Software companies that provide exaggerated messages are now being blocked by Windows Defender.
In a recent blog article, Microsoft stated that its Windows Defender program, the default antivirus program for Windows users, is now actively categorizing software products that use coercive messaging as “unwanted”, meaning any software that falls under this category will be flagged and removed.
Any software program, whether it’s a freemium product or paid, that entices users into paying for additional services or excessive features through messages that may be considered misleading run the risk of having their product flagged as malicious.
Microsoft has provided three forms of criteria that can be used to determine what constitutes coercive messaging:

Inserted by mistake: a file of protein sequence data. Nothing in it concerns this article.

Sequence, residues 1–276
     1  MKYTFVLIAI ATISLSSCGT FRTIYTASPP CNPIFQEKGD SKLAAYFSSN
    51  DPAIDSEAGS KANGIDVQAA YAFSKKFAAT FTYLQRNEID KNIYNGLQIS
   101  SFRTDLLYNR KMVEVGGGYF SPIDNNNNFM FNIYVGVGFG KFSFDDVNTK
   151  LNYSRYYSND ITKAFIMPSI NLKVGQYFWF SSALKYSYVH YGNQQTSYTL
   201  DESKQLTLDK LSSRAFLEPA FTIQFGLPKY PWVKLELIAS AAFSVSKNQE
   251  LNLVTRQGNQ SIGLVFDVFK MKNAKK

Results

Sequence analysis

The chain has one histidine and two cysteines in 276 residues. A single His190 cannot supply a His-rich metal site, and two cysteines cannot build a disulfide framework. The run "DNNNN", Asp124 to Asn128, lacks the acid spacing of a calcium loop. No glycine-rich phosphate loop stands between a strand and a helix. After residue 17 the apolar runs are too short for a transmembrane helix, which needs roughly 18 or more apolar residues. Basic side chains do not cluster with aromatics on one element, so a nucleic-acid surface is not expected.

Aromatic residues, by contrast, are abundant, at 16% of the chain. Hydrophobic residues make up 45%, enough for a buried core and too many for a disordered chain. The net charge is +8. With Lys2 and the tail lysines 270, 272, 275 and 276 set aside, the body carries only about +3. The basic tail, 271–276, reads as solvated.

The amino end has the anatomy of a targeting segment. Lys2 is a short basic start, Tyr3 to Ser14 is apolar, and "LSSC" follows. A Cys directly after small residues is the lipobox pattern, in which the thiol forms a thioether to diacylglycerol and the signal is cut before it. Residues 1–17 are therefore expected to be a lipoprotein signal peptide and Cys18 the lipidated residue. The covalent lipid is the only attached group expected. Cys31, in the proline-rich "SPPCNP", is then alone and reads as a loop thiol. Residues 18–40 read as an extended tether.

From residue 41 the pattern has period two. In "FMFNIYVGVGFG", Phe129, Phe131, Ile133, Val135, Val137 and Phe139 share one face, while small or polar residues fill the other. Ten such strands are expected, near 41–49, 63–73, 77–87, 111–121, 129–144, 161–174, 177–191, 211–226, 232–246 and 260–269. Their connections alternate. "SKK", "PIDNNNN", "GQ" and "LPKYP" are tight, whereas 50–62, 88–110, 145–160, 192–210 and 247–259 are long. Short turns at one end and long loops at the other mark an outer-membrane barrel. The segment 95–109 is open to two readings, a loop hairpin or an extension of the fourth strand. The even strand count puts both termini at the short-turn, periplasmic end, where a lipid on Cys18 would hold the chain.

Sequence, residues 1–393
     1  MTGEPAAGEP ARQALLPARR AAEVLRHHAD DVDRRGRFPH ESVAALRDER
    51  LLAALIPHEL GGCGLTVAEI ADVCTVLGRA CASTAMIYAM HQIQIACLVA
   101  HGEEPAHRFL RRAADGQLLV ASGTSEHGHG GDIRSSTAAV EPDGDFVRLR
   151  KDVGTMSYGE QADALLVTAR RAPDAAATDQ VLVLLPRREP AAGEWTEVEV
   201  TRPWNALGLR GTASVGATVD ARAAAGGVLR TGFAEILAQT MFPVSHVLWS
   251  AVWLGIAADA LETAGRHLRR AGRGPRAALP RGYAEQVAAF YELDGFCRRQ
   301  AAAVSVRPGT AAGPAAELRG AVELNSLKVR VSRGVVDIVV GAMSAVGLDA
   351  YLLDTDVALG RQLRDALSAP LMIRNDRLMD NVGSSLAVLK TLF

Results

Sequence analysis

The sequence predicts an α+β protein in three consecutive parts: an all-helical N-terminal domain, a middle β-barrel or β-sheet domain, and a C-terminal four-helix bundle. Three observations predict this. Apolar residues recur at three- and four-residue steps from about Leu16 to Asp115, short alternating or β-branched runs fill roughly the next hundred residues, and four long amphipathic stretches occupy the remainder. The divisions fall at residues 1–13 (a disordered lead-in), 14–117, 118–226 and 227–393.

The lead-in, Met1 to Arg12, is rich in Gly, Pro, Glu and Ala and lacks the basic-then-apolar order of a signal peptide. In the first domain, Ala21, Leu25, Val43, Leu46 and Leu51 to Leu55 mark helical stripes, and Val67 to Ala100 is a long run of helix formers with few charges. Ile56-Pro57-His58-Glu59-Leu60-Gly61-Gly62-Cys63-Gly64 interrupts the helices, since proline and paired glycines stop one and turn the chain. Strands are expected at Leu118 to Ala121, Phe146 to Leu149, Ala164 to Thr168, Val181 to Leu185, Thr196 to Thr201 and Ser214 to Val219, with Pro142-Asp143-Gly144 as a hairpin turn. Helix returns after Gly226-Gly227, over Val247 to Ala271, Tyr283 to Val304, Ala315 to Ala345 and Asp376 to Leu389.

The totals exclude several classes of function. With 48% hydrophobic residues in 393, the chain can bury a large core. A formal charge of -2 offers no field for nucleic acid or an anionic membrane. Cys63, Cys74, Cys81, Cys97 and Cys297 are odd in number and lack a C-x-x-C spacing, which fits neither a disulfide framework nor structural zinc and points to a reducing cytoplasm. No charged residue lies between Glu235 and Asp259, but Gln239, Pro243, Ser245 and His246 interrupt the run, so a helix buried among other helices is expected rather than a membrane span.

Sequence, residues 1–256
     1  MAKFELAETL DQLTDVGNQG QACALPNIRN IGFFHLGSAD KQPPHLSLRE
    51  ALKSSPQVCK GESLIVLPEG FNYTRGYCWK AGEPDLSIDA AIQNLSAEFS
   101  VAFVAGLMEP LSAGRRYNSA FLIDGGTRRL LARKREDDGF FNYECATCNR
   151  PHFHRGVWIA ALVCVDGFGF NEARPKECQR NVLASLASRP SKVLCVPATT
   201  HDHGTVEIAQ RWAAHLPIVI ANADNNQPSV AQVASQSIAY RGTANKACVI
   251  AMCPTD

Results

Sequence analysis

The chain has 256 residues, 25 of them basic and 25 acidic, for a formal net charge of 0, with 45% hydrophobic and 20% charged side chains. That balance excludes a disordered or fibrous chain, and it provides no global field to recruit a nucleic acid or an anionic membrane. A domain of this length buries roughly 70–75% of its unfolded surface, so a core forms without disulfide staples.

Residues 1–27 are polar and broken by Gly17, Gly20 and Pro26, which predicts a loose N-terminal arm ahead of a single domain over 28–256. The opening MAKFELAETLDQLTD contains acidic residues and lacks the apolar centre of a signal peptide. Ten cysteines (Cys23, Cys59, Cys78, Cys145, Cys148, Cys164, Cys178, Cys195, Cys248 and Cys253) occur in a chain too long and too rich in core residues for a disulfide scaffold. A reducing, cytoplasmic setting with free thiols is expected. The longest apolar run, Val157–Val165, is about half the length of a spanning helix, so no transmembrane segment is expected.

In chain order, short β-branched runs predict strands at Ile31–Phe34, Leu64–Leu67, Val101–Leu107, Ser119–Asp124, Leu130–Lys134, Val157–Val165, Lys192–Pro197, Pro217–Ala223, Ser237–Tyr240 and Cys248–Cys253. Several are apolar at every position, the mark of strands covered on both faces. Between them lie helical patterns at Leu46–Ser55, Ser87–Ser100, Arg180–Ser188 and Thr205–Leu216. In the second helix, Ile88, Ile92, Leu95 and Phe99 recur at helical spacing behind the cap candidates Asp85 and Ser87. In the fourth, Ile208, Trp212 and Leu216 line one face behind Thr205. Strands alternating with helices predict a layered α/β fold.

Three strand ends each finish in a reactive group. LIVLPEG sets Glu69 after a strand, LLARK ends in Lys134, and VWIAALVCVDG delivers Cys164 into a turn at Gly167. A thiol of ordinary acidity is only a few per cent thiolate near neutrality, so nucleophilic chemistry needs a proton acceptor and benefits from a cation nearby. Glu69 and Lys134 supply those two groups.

• Products that “report errors in an exaggerated or alarming manner about the user’s system”, urging them to either pay to fix the errors or complete another action that benefits the company, such as a newsletter signup or filling out a survey.
• Suggesting that “no other actions will correct the reported errors or issues”
• Creating a false sense of urgency by requiring the “user to act within a limited period of time” in order to resolve the issue.
Whether it’s coercive messaging or user privacy, there have been a number of actions taken this year to protect online shoppers. Both ecommerce and software companies must ensure that they remain transparent and trustworthy. Doing so will not only avoid significant penalties, but it has a 94% chance of fostering more brand loyalty.